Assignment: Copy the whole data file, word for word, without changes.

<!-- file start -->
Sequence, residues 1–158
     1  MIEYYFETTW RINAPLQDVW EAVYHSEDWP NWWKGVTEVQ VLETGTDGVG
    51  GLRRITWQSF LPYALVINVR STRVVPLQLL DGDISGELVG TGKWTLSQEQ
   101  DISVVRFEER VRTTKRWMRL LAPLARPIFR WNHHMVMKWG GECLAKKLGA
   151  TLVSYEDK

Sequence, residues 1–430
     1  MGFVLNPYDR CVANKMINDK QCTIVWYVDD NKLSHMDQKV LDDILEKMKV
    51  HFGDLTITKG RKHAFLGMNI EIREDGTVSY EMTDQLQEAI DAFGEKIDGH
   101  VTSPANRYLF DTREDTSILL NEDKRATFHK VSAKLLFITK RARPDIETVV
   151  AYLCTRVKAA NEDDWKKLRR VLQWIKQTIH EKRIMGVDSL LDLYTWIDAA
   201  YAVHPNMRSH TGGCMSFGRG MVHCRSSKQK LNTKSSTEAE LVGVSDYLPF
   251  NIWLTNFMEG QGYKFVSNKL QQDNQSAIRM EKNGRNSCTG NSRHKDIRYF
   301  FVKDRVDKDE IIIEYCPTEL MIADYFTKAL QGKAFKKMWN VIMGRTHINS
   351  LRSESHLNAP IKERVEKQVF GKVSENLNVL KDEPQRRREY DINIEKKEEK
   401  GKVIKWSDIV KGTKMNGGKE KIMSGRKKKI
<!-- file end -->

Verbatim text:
Sequence, residues 1–158
     1  MIEYYFETTW RINAPLQDVW EAVYHSEDWP NWWKGVTEVQ VLETGTDGVG
    51  GLRRITWQSF LPYALVINVR STRVVPLQLL DGDISGELVG TGKWTLSQEQ
   101  DISVVRFEER VRTTKRWMRL LAPLARPIFR WNHHMVMKWG GECLAKKLGA
   151  TLVSYEDK

Sequence, residues 1–430
     1  MGFVLNPYDR CVANKMINDK QCTIVWYVDD NKLSHMDQKV LDDILEKMKV
    51  HFGDLTITKG RKHAFLGMNI EIREDGTVSY EMTDQLQEAI DAFGEKIDGH
   101  VTSPANRYLF DTREDTSILL NEDKRATFHK VSAKLLFITK RARPDIETVV
   151  AYLCTRVKAA NEDDWKKLRR VLQWIKQTIH EKRIMGVDSL LDLYTWIDAA
   201  YAVHPNMRSH TGGCMSFGRG MVHCRSSKQK LNTKSSTEAE LVGVSDYLPF
   251  NIWLTNFMEG QGYKFVSNKL QQDNQSAIRM EKNGRNSCTG NSRHKDIRYF
   301  FVKDRVDKDE IIIEYCPTEL MIADYFTKAL QGKAFKKMWN VIMGRTHINS
   351  LRSESHLNAP IKERVEKQVF GKVSENLNVL KDEPQRRREY DINIEKKEEK
   401  GKVIKWSDIV KGTKMNGGKE KIMSGRKKKI